By Michael Gerson
Friday, January 16, 2009
Along the Mall, off Independence Avenue near Seventh Street, there once stood a building known as the Yellow House. According to Jesse Holland's book "Black Men Built the Capitol," it appeared from the outside like other dwellings. In the basement, with iron bars on the windows and rings in the floor for chains, and in a yard enclosed by a 12-foot wall, enslaved human beings were kept and sold.
One of them was Solomon Northup, a free black man from New York who was kidnapped, sold into slavery and imprisoned there. He later wrote, "Strange as it may seem, within plain sight of this same house, looking down from its commanding height upon it, was the Capitol. The voices of patriotic representatives boasting of freedom and equality, and the rattling of the poor slave's chains, almost commingled."
In a few days, President Barack Obama's voice will mingle with those ghostly sounds and be added to others. Marian Anderson singing "My Country, 'Tis of Thee," though the Daughters of the American Revolution had mocked that hymn's premise. Martin Luther King Jr. speaking on the steps of the Lincoln Memorial, where a small plaque now marks a holy place of American rhetoric.
If Obama and his talented speechwriter, Jon Favreau, cannot find poetry in this place, they will never find it.
No doubt they will. But there are enemies of poetry and ambition in every speechwriting process. The political advisers who chant, "It's the economy, stupid." The focus group disciples who explain that the dial groups don't like the words "slavery" or "injustice"; they prefer words such as "buttercup" and "marshmallow." The communication consultants who use "rhetorical" as a pejorative because formality doesn't play well "around the kitchen table." Especially in producing an inaugural address, all of them must be ignored. It is appropriate to mention current events, but the State of the Union allows for specificity soon enough. An inaugural presents different tests for a new president: Can he stop talking like a candidate, and speak for the country and its purposes? Can he place his barely started chapter in the context of the American story?
That story has many themes, but one major challenge: a desperate, sometimes bloody, search for unity. The consequential inaugurals confront the issue directly. Presidents before Lincoln attempted to maintain a political union of fractious states. Once shattered, warned Franklin Pierce, "no earthly power or wisdom could ever reunite its broken fragments." Lincoln set out the ideal of a spiritual union -- a union of idealism and of shared suffering -- that transcended race and took a century to even partially achieve. Presidents in the tradition of Woodrow Wilson and Franklin Roosevelt asserted a national unity founded on democratic idealism, in a world gone mad from imperialism, racism and ideology. "The democratic aspiration is no mere recent phase in human history," FDR said in his third inaugural. "It is human history."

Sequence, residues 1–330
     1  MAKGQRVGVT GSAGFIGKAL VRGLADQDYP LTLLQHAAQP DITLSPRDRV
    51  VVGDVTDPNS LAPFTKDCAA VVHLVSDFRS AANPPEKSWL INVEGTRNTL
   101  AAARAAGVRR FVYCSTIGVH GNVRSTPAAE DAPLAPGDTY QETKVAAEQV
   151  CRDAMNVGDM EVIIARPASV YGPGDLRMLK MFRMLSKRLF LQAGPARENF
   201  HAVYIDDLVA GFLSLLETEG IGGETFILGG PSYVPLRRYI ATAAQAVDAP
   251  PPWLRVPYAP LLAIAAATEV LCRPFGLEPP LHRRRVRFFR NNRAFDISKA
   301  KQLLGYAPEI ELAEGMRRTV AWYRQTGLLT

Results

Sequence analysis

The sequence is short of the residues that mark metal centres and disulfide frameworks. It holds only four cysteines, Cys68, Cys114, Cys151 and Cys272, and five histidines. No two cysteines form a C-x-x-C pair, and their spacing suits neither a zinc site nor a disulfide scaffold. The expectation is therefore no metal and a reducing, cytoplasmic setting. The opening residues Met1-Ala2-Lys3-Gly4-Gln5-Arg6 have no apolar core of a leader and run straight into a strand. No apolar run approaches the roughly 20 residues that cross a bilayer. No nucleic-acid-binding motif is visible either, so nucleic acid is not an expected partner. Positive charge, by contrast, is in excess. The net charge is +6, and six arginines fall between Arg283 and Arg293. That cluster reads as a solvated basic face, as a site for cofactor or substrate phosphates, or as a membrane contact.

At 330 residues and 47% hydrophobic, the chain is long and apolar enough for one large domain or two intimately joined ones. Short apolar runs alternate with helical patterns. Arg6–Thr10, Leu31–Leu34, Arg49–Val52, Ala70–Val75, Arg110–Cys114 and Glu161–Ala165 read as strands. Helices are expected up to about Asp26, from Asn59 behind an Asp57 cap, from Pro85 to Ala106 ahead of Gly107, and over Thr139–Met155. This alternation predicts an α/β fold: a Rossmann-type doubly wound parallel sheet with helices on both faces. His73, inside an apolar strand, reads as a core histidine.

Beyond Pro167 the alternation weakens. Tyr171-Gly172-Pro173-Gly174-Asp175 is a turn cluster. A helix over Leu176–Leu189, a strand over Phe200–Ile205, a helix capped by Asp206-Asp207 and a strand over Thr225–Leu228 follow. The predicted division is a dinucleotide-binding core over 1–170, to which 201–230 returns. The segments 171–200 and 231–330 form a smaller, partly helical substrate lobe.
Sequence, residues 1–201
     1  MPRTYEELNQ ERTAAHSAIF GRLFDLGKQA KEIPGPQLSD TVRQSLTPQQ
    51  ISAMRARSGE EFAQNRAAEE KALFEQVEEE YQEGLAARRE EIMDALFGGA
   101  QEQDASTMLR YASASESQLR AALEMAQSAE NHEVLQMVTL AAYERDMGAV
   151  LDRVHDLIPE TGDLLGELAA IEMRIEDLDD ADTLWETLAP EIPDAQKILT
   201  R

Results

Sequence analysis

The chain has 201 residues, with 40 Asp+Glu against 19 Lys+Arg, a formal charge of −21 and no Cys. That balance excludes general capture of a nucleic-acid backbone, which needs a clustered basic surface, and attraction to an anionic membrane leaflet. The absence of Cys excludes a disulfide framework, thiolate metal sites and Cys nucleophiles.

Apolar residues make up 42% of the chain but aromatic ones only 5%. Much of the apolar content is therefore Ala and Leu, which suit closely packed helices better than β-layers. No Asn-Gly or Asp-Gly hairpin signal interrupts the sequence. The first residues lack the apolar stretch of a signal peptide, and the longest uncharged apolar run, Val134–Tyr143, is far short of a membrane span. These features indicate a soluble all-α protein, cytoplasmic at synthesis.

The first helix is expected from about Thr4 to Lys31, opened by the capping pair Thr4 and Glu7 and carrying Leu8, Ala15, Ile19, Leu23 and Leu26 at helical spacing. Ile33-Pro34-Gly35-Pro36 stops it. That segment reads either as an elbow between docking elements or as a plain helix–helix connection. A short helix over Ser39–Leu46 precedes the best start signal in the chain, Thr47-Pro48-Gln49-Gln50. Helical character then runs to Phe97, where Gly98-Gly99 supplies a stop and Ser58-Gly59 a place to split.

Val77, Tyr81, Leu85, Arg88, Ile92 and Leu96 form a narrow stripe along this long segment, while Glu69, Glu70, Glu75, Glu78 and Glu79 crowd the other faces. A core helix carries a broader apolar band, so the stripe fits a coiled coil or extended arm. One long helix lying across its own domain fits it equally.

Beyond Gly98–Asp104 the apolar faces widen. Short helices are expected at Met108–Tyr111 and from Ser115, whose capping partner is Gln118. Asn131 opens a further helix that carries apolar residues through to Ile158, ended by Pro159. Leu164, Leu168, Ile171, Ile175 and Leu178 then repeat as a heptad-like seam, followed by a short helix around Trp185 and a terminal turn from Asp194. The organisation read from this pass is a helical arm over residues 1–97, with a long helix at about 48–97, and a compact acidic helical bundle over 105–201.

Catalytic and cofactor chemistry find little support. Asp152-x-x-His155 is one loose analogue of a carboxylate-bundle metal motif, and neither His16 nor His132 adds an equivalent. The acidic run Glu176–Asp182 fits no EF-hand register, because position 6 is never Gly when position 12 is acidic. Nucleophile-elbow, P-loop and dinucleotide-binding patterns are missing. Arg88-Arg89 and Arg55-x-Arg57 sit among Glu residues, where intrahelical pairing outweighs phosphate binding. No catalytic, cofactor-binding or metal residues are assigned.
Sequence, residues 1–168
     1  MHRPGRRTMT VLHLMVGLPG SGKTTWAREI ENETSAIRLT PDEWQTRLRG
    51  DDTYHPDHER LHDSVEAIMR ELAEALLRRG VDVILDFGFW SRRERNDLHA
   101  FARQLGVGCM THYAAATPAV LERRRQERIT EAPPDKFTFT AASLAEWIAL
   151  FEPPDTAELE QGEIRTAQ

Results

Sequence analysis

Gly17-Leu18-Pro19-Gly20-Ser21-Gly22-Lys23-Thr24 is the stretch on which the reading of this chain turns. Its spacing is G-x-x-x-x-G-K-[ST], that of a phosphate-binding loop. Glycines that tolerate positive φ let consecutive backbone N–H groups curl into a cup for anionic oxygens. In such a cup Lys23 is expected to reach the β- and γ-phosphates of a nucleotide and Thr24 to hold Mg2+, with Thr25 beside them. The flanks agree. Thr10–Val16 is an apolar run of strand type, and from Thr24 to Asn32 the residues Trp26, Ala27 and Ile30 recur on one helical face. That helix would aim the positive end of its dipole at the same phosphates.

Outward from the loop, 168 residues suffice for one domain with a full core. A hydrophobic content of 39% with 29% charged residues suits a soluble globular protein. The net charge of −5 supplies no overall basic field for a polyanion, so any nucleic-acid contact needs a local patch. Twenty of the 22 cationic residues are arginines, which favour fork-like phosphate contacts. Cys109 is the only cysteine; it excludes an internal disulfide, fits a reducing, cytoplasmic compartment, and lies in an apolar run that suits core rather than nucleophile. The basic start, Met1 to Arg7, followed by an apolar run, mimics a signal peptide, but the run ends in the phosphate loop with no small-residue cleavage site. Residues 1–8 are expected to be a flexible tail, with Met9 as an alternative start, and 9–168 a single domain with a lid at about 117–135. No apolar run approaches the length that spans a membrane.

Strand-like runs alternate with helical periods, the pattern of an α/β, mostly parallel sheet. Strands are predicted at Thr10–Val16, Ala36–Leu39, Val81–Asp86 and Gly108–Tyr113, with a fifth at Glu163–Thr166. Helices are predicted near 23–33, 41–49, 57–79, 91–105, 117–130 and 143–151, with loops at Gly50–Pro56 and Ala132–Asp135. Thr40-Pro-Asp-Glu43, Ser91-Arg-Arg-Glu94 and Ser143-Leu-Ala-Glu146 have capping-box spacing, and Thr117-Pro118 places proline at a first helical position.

In an earlier inaugural speech, Roosevelt observed, "In every land there are always at work forces that drive men apart and forces that draw men together." Those forces remain at work. Through the tumults of the '60s and '70s, America experienced divisions that turned generation against generation. Today our cultural and political differences seem mainly expressed by derision, in a kind of spiritual secession from one another.
It is the primary purpose of presidential leadership to be a force that draws us together -- to declare, as Jefferson did, that we are "brethren of the same principle," to state and plead, as Lincoln did, that "We are not enemies, but friends. We must not be enemies." The origin of this unity for Americans is not an accident of blood or birth, but certain shared moral affirmations about the rights and dignity of all men and women -- assertions contained in the Declaration of Independence, and uncontained in their global influence. The existence of those rights imposes duties on government -- and creates obligations of citizens to each other.
In an inaugural address equal to his moment, Obama will summarize a historical achievement he already symbolizes -- and explain how this flawed, grand, God-shaken story moves forward to include everyone. This hope of unity is stronger than all the hypocrisy of our past and louder than the clank of chains. It led men and women to travel on immigrant ships and the Underground Railroad -- and it explains the amazing journey from the Yellow House to a white one just down the street.